Carolina defensive end Charles Johnson nearly trashed the entire offense when the Panthers and the Falcons played Sept. 30 at the Georgia Dome.
Right tackle Tyson Clabo will be on the hot seat to slow Johnson this time around.
Johnson had 3.5 of the Panthers’ franchise single-game record seven sacks and made his presence felt.
“Charles is a good player,” Clabo said. “He’s been a good player for a long time. We just need to not let him wreck the whole game like he did last time.”
The seven sacks allowed are a season-high for the Falcons.
Clabo didn’t try to sugarcoat what happened in the previous game. He attributed Johnson’s showing to some breakdowns and bad blocking.
“When you’re playing a good player like Charles, if you combine those things, it can be bad, and he can have a really good day, which he did,” Clabo said. “Hopefully, this time around we’ll get that corrected and protect (quarterback) Matt (Ryan) a little better.”
Clabo will receive some help in the form of double-team and chip blocks on Johnson.
“Charles Johnson is an outstanding pass rusher,” Falcons coach Mike Smith said. “I think it shows by what they did in terms of re-signing him as a free agent. He’s explosive off the football, and you’ve got to make sure that you don’t always put guys on an island.
“You’ve got to design your protections at times to give them assistance and at times to have routes where you can get the ball out of the quarterback’s hands as well.”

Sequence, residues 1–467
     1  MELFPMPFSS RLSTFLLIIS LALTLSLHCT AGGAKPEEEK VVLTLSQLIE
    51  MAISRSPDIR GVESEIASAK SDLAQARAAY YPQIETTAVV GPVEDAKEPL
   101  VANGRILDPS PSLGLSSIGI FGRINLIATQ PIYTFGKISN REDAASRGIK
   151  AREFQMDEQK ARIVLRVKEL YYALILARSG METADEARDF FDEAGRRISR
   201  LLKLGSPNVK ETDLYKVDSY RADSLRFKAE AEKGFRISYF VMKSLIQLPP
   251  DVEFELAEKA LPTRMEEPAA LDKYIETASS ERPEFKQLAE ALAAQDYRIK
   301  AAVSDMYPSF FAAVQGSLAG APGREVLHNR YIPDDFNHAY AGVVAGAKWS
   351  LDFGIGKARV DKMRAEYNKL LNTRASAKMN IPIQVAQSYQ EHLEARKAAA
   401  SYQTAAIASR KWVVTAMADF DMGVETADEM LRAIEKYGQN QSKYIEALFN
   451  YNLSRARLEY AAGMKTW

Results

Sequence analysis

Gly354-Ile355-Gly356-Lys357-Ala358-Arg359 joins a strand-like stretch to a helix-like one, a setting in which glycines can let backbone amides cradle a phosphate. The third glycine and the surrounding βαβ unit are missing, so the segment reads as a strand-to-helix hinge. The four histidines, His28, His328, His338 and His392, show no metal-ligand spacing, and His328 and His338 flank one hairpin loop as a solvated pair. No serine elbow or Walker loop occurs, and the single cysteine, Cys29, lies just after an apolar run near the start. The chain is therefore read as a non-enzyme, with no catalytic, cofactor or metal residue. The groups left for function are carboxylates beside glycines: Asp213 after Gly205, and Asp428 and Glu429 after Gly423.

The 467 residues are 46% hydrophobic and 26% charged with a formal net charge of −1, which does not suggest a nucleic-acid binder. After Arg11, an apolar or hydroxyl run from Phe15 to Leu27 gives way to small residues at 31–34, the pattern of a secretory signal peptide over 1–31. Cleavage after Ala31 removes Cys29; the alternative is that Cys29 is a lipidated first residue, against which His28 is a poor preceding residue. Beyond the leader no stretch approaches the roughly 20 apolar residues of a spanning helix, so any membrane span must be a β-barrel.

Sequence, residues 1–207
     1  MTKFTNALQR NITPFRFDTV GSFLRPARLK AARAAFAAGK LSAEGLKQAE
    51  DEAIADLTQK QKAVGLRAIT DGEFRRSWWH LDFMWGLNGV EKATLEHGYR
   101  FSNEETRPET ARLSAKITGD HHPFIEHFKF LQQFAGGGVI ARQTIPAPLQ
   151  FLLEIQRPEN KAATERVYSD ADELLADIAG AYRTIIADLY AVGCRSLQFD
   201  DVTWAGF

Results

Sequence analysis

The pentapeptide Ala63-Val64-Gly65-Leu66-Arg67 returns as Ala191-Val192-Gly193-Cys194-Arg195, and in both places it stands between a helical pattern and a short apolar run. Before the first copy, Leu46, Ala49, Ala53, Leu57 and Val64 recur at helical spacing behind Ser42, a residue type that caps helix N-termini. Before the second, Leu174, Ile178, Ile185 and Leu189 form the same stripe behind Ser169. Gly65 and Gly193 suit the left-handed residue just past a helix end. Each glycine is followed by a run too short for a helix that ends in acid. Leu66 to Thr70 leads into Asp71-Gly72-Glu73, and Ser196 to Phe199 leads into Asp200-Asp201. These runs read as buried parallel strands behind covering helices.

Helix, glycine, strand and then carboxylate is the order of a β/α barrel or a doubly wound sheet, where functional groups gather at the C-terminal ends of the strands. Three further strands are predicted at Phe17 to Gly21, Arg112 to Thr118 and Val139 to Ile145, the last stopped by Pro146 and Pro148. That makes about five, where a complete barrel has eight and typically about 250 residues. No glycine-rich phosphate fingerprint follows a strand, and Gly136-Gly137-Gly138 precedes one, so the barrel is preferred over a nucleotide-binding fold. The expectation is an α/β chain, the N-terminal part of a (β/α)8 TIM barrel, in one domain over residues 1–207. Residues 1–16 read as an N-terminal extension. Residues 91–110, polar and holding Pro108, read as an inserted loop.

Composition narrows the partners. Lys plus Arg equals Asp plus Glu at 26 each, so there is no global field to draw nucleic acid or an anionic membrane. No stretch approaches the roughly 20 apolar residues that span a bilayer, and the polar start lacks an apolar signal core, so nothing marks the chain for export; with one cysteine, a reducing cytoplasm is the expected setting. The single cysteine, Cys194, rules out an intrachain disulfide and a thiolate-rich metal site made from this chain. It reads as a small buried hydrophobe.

Carolina quarterback Cam Newton, of College Park and Westlake High, is having a rough second NFL season.
But over the past five games, he’s responsible for 12 touchdowns (nine passing, three rushing) and only two turnovers.
“We all play to win football games,” Newton said. “It’s kind of frustrating when you don’t win, but we still have to look forward to continue to get better.”
Newton is the first NFL player with 30-plus touchdown passes and 20-plus rushing touchdowns in his first two seasons.
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The Panthers ran for 199 yards in the team’s previous meeting this season, and quarterback Cam Newton doesn’t believe that total will be hard to duplicate.
“I don’t think it will be any problem,” Newton said. “We’ve got guys that are hungry to play this game. If we go out and execute, then it will be a good day at the office.”
Newton leads the Panthers in rushing with 524 yards on 95 carries. Running back DeAngelo Williams has 359 yards rushing on 103 carries.
Running back Jonathan Stewart (ankle) missed practice time this week and may not be available.
The Falcons’ run defense was still finding its way when the teams met in Week 4. The run defense has been much stouter since Jonathan Babineaux moved to end in some alignments, as the defense basically has played with three defensive tackles and one end in running situations.
Over the past two games, the unit held Tampa Bay’s Doug Martin to 50 yards rushing and the Saints to 101 yards. The run defense also benefited from the return of linebacker Sean Weatherspoon from an ankle injury.
The Panthers have averaged 112.8 yards rushing per game and rank 16th in the NFL. The Falcons have given up 121.3 yards per game, 20th in the league.
“This is a good rushing football team,” Falcons coach Mike Smith said. “We certainly have to play better than we did the first time that we played them. This is an offense that has a different element in terms of how they run the football with the quarterback and having to account for him as a runner.”